Jaber loves learning. He graduated from the College of Literature, Science & the Arts in 2008 and received a Master of Science in Clinical Research from the U-of-M School of Public Health in 2011. This month, he will receive a Master of Business Administration from the U-of-M Ross School of Business and a Doctor of Medicine from the U-of-M Medical School, graduating with a Student of the Year award.


Jaber also cares about people. He found two mobile applications to help others. The Happy App tracks depressive symptoms over time and allows users to take a daily survey and THIS or THAT helps users make decisions.

 

“It brings me joy to make something out of nothing because it can help people,” said Jaber.


His work in the mental health field doesn’t stop there. He conducted breakthrough research on depression among Arab-American adolescents at the Arab Community Center for Economic and Social Services (ACCESS), a Dearborn-based nonprofit organization serving the Middle Eastern communities. The research got noticed and Jaber will be speaking at the National Arab American Medical Association (NAAMA) International Conference next year in Oman.


“Reda is very loyal to solutions,” said Hassan Jaber, executive director of ACCESS, who is not related and mentored Reda Jaber for years on various projects, including the mental health research at ACCESS. “He is fully aware of what the community goes through.”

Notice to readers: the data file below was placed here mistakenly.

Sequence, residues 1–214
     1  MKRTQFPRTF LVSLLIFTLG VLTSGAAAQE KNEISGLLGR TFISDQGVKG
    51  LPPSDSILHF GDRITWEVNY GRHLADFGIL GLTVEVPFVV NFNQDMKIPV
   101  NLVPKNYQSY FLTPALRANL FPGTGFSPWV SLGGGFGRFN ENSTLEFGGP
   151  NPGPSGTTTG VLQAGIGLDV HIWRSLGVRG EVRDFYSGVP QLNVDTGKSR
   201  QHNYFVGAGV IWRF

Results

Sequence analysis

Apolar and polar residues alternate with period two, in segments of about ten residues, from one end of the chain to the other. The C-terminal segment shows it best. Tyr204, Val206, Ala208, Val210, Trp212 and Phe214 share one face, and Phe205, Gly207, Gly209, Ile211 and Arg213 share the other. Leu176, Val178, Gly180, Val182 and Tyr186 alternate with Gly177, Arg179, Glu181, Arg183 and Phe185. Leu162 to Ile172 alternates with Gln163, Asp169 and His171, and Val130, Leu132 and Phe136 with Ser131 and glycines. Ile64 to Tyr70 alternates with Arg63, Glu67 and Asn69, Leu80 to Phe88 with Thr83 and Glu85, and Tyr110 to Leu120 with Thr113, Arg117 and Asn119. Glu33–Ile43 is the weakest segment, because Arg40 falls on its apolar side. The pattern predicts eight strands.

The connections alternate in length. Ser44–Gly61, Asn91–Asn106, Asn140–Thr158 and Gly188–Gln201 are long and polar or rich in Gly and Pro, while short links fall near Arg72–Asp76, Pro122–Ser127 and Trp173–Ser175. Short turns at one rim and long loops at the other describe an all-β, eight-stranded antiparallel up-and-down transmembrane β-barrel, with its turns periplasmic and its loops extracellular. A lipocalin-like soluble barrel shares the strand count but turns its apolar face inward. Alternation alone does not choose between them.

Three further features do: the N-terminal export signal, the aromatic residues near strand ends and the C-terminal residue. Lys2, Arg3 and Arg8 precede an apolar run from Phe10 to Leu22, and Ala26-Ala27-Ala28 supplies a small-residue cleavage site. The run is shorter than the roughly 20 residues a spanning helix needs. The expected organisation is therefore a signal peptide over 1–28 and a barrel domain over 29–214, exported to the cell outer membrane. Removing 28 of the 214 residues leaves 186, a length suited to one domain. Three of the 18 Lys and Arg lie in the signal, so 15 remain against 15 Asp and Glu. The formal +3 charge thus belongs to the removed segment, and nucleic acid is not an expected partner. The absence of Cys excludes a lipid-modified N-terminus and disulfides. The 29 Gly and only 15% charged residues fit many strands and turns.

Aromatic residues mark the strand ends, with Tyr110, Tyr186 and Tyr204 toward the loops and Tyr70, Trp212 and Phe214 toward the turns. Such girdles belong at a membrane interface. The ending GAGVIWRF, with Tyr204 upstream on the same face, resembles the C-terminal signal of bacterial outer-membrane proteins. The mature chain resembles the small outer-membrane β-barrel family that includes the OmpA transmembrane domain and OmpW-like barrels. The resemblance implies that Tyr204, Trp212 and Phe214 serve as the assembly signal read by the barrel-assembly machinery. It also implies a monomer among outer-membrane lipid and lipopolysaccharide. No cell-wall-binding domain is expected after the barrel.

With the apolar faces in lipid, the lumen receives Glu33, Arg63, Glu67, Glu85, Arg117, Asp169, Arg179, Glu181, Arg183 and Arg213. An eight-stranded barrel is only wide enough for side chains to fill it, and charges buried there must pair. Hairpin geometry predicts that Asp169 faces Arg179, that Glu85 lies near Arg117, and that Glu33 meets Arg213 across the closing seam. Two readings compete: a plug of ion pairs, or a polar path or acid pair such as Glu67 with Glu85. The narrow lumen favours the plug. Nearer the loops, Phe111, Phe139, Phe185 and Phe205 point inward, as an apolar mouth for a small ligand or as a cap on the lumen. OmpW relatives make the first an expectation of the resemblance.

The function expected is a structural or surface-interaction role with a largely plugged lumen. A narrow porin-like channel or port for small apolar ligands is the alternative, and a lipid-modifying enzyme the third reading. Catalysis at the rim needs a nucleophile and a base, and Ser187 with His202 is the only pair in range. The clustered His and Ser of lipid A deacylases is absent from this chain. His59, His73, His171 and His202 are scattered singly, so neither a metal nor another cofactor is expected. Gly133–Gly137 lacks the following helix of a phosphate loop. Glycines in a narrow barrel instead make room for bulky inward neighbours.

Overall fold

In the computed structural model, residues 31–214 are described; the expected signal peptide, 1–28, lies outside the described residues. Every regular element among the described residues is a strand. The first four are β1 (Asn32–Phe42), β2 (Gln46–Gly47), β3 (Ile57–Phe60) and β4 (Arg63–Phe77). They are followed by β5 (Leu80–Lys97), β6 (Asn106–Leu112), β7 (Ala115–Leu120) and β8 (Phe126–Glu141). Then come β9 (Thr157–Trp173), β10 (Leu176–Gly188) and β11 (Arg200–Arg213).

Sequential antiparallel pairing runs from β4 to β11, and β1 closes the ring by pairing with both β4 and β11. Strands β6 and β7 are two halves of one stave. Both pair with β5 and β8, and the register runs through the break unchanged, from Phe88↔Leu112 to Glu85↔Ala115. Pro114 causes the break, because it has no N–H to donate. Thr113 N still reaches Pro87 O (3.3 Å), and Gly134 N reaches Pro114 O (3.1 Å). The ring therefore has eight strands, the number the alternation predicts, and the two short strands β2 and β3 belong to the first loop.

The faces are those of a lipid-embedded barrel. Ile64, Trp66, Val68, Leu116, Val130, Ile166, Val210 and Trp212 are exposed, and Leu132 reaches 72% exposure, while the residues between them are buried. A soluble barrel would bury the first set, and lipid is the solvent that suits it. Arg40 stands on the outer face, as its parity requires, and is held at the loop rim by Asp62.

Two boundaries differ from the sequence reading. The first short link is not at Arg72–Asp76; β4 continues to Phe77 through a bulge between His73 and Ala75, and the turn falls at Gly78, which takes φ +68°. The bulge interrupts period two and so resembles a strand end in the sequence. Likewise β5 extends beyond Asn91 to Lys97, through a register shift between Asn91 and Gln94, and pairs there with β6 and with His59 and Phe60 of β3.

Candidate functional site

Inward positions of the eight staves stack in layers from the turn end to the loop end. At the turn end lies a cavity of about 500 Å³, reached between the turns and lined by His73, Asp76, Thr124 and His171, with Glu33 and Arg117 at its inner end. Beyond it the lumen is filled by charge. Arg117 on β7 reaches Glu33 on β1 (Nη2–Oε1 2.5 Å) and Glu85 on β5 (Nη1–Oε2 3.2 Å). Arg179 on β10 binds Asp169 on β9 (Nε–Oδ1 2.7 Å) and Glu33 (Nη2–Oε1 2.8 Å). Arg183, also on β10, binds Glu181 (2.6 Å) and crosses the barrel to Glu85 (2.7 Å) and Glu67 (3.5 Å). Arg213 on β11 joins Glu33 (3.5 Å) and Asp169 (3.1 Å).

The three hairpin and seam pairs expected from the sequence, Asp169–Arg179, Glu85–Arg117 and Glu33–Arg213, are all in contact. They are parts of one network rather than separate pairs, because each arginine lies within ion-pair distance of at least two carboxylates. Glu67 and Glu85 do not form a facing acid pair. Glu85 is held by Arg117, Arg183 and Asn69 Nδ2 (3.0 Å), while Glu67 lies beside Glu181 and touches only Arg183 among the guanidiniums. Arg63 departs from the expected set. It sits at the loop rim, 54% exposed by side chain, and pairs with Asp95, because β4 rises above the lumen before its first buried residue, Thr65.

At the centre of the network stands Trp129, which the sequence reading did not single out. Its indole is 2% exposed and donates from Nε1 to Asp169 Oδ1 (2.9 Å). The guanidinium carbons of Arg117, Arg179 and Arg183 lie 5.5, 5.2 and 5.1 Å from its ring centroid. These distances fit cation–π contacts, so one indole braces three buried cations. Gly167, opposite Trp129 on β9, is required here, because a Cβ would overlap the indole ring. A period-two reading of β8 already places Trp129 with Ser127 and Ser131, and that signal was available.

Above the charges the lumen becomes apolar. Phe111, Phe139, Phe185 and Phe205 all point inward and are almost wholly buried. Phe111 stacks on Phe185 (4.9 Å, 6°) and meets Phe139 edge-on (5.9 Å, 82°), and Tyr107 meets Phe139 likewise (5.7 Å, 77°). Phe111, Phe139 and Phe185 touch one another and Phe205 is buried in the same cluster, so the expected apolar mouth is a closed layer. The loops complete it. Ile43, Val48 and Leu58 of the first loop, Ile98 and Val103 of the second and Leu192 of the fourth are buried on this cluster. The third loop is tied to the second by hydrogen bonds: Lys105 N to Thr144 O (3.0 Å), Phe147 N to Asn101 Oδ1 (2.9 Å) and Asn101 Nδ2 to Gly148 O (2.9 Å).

Abraham’s life is immersed in the field of education. She changed her major from medical to teaching against her family’s wishes, and U-of-M awarded her the prestigious Robert C. Noyce Teacher scholarship.


Born in Baghdad to a Kurdish mother and an Arab father, Abraham’s parents immigrated to America when she was 8 years old. She recalls living in a one-bedroom home and her parents – one having a doctorate and the other a physician in Iraq – struggling to pay the bills. But America was a bubble of comfort coming from a war-torn country, she said.


“She knows how to treat people,” said Robert Watson, Northville High School principal and Abraham’s mentor.


Abraham’s passion for education goes beyond Ann Arbor where she tutors on topics like biochemistry, biology and physics. For the past three summers, she traveled to Iraq to teach English and work at an emergency pediatric hospital assisting patients.


“There is a lot of light but you also see a lot of pain in their faces,” said Abraham about the children she teaches in Iraq.


Abraham loves teaching because it changes lives, she said. After pursuing her master’s degree, she plans to continue to teach at underprivileged schools in the area.


Jaber and Abraham said the financial support they have received on Visionary Kids has exceeded expectations, raising nearly $3,000 dollars since starting the project on Feb. 25.


Their plans include doing upcoming books of Michigan-based entrepreneurs, specifically founder of Quicken Loans, Dan Gilbert, and female entrepreneurs to show the diversity of the business world.


You can order a copy of the book at Visionary Kids. It is also be available on Amazon.com at the end of June for $19.95.

 

For comments on this story, please email us at info@bizmagazine.org


 

Saira Sumbal reports on business and leadership. For these stories and more, follow her @SairaLeila on Twitter.


 

 

 

 

 

 

1216 days ago